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Electronic Health Record Incentive Program Supporting Public Health Outbreak Response

Posted By Janet Hamilton, Friday, April 24, 2015
Updated: Friday, April 24, 2015

Providers are sharing data more quickly with local health departments, and when disease is spreading quickly, time is important.

Electronic information sharing has been crucial to support our response to our current measles outbreak where we have identified four measles cases in two neighboring Florida counties so far. Historically, data shared from providers was mostly paper and usually took days to get into the hands of public health officials. Now the data is electronic and it is shared in almost real time. We are using our syndromic surveillance system to look for new measles cases that may not have already been reported; review our immunization registry to rapidly identify high priority contacts of the cases to target exclusions and offer disease preventing prophylactic treatment; and when suspected infections been identified, we are getting crucial confirmatory laboratory results back electronically right into our disease surveillance system within hours of results. The system is saving public health workers time and allowing us to do a better job protecting the community as we work to halt the spread of measles.

This shift (from paper to electronic information sharing) is due in large part to the American Reinvestment & Recovery Act (ARRA), which includes many measures to modernize our nation's infrastructure, one of which is the "Health Information Technology for Economic and Clinical Health (HITECH) Act.” The HITECH Act supports the concept of electronic health records - meaningful use [EHR-MU], an effort led by Centers for Medicare & Medicaid Services (CMS) and the Office of the National Coordinator for Health IT (ONC). HITECH proposes the meaningful use of interoperable electronic health records throughout the United States healthcare delivery system as a critical national goal.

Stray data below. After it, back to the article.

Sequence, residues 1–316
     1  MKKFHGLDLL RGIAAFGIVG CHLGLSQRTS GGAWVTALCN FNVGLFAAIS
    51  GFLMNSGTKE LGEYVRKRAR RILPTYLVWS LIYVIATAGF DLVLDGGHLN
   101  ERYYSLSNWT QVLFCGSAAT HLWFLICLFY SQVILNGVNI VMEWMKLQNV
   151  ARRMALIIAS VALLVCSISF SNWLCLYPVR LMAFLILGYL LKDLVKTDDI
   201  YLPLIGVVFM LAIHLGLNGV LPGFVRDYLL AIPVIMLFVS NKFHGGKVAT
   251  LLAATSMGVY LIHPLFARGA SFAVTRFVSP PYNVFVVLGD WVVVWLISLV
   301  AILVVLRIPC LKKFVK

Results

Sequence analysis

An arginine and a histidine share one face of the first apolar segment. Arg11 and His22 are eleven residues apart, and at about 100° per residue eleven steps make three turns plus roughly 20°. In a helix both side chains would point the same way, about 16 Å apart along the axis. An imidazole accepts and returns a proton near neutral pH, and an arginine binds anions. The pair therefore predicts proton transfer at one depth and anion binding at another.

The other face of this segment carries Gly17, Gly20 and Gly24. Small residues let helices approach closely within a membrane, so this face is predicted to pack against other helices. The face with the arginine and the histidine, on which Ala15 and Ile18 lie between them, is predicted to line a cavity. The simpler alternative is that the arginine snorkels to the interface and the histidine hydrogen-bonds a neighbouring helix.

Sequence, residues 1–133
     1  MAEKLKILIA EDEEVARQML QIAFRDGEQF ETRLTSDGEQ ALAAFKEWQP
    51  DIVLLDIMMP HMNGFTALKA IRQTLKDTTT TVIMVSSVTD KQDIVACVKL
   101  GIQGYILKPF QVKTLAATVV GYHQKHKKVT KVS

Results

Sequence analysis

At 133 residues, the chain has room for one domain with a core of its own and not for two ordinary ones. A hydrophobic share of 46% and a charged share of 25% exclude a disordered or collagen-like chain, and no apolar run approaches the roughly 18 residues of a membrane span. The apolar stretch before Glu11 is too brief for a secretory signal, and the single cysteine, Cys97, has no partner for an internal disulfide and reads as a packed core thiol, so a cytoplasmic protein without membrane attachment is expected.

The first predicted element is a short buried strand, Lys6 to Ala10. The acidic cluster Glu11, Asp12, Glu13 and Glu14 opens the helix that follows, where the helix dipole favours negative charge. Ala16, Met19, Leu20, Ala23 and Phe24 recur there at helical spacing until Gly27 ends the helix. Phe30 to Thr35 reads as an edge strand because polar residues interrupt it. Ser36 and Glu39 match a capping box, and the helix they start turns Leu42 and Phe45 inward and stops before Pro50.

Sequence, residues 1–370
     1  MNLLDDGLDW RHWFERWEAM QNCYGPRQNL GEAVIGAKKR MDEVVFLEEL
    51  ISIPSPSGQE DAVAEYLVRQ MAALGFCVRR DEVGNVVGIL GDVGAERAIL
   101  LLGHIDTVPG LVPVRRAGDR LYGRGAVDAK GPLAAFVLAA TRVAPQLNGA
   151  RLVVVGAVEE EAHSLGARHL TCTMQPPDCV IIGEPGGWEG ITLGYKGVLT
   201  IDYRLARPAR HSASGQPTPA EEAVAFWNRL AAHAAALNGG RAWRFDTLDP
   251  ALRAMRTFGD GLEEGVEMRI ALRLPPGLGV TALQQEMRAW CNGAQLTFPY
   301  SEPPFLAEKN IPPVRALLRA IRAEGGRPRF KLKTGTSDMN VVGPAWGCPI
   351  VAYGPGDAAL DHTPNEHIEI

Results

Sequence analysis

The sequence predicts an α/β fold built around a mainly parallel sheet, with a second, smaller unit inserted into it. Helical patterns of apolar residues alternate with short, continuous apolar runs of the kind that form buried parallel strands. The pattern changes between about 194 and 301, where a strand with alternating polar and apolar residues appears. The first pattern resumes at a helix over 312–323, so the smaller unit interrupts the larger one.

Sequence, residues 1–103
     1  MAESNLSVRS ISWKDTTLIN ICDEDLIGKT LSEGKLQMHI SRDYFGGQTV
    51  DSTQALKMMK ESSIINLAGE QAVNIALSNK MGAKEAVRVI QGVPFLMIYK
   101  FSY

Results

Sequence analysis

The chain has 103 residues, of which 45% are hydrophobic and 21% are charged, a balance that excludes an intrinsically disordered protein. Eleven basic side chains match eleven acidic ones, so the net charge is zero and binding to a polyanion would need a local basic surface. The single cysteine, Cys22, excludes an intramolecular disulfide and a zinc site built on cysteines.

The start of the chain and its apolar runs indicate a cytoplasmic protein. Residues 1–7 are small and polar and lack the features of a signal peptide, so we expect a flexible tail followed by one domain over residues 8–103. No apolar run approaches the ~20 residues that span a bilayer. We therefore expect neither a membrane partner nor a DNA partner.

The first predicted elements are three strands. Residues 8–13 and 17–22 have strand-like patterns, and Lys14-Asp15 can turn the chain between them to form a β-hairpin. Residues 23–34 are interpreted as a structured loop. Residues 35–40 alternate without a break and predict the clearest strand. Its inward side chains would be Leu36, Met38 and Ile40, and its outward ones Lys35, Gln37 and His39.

While bringing about national adoption for any federal program is a difficult endeavor, implementation of new EHR reporting is gaining widespread adoption. The EHR Incentive Program incentivizes eligible hospitals and other entities for meaningfully using health IT as well as reporting electronic data on three public health measures: (1) immunizations, (2) syndromic surveillance, and (3) reportable laboratory results. The program differentiates between eligible hospitals and eligible professionals, and the listing of stage 2 public health objectives for each are below.

Table1: List of the Stage 2 Meaningful Use Public Health Objectives

Eligible hospitals reporting these three measures have gained momentum over the course of 2014. New EHR Incentive Program data show that 72 percent of stage-2 hospitals reported on all three public health measures.

The ONC recently put out a data brief called Hospital Reporting on Meaningful Use Public Health Measures in 2014. The data are encouraging:
  • Almost nine in 10 stage 2 hospitals were able to electronically report to their immunization registry
  • Three quarters of stage 2 hospitals reported syndromic surveillance data electronically to their local public health agency
  • More than eight in 10 stage 2 hospitals submitted laboratory results electronically to their local public health agency

The brief goes on to project that as more hospitals shift to stage 2 in coming years, it can be expected that electronic exchange between hospitals and public health agencies will likely increase. The ONC data brief also found that when reporting was optional instead of mandatory, fewer hospitals shared public health data with local health department officials: “While almost three-quarters of stage 2 hospitals reported, without exclusion, on all applicable public health measures, only 5% of stage 1 hospitals did the same.” As hospitals and public health departments progress to interoperability, everyone will get better data in a more timely way. Sharing of data in standardized electronic formats will improve population health, help contain dangerous outbreaks more quickly and result in better patient care coordination.

Proposed MU stage 3 objectives, the third and final phase of the MU incentive program, is currently out for public comment. CSTE will be preparing comments through the Surveillance and Informatics Steering Committee. Please join us to help craft our response as well as consider submitting responses directly from your health department.

Janet Hamilton, MPH serves as the Surveillance/Informatics Steering Committee Member-at-Large on the CSTE Executive Board and Surveillance and Surveillance Systems Manager at the Florida Department of Health. To learn more about surveillance and informatics, please join a subcommittee.
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